Our study demonstrated that a combined exercise programme is feasible to be implemented in people with SSc. In addition to that, we observed a beneficial effect of exercise on DUs which negatively affect QoL in people with SSc. Specifically, 32% of the control group developed DUs and most of them required hospitalisation to heal, whereas the exercise group had no incidents of DUs, even 3 months after the cessation of the exercise programme.

DUs are common in SSc and approximately half of patients reporting a history of DUs [4, 27, 28, 29] and ~ 10% presenting current DU [4, 30]. Often, DUs are presented early in the disease [27]. Patients with a shorter duration between the first and the second DUs (especially if the second is within 2 years) have an increased (yearly) DU burden [27]. About one- and two-thirds of people with SSc develop recurrent DUs [27, 28, 31]. DUs often involve both hands with multiple fingers [6, 27] and DUs per episode [27, 31]. The healing of DUs is often slow, specifically if there is underlying calcinosis, and can be related to underlying bone infection [32].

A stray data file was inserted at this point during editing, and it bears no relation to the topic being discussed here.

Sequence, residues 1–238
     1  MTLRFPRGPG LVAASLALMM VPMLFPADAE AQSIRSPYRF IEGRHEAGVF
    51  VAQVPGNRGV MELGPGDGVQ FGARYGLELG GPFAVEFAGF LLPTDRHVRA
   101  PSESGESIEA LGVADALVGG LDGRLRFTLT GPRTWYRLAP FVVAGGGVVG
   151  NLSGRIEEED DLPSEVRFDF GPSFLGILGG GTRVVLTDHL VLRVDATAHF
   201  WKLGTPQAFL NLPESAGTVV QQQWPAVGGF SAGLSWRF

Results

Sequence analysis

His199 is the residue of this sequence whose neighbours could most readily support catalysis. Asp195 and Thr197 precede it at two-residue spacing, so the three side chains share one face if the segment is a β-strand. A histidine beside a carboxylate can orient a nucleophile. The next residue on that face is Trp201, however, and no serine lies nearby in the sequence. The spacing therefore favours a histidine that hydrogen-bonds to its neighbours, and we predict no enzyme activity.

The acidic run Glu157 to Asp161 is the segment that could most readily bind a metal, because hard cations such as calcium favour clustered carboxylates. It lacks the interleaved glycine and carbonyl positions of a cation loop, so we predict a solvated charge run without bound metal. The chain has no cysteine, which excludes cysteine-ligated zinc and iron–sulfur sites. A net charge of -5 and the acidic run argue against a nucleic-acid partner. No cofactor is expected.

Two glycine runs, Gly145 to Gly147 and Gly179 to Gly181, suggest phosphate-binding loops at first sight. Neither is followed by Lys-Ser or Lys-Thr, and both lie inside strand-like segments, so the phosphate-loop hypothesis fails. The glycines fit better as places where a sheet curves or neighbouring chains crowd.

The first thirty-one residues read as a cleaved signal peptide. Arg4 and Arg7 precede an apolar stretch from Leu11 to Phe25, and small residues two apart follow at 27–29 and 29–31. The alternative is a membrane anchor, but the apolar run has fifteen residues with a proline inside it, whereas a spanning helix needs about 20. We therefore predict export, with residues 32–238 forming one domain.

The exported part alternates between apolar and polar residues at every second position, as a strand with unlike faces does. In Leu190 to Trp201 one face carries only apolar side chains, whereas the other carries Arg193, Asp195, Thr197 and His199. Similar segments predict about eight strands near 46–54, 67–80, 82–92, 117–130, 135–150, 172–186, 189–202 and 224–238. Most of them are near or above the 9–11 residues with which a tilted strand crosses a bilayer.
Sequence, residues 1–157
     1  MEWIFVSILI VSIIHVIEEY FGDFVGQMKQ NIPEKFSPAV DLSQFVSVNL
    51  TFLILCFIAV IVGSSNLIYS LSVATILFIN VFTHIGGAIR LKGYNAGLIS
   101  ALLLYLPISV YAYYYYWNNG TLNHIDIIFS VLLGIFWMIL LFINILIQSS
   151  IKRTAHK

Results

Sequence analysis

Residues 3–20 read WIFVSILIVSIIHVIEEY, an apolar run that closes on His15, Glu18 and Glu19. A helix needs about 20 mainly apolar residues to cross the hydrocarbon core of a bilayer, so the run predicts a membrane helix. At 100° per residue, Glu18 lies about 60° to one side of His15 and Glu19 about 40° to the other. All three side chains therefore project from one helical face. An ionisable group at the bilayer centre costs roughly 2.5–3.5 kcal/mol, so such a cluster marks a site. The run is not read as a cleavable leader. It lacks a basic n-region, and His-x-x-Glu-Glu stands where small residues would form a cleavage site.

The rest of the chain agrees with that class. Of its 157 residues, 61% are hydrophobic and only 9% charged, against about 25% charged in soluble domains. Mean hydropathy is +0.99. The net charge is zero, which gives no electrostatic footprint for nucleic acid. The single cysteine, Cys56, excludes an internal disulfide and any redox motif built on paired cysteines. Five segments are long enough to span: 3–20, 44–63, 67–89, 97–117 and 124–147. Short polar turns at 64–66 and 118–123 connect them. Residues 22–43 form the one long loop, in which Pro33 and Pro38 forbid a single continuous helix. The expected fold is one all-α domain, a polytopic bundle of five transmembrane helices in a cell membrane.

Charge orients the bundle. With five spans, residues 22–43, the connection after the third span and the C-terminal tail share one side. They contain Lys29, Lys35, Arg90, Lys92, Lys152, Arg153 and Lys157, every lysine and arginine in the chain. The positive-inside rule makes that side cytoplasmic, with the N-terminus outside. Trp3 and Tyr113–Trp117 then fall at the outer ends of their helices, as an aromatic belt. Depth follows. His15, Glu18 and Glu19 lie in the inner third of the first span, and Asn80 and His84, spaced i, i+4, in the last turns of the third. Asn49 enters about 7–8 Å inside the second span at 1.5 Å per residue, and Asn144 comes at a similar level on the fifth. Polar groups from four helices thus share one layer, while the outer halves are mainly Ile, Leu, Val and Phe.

The indicated clinical benefits of the proposed exercise intervention, in relation to DU occurrence, strengthen the suggestion that there is a need for a multi-centre clinical trial which would assess its effectiveness on DUs and other clinical components.


Our findings suggest that an exercise programme combining HIIT and RT was feasible for people with SSc, resulting in high adherence and low attrition rates, high enjoyment levels and intentions for future exercise engagement. Our participants felt comfortable and capable of performing our protocol without experiencing any adverse events.

Based on our study findings, we would recommend that such a programme would be better delivered in the community: this is definitely the patients’ preference as it would eliminate one of the main barriers to exercise participation, which is the travelling time and transportation.

We also believe that the addition of another exercise session per week (three times/week) would induce greater results. However, a community-based programme needs to be pragmatic and thus, two times per week is the recommended feasible training frequency as our study indicated.

Finally, it was also very encouraging to see that our intervention elicited improvements in QoL, supporting also the prevention of clinical manifestations such as digital ulcers. This will need to be proven in a definitive trial, which is the next logical step, in this line of research.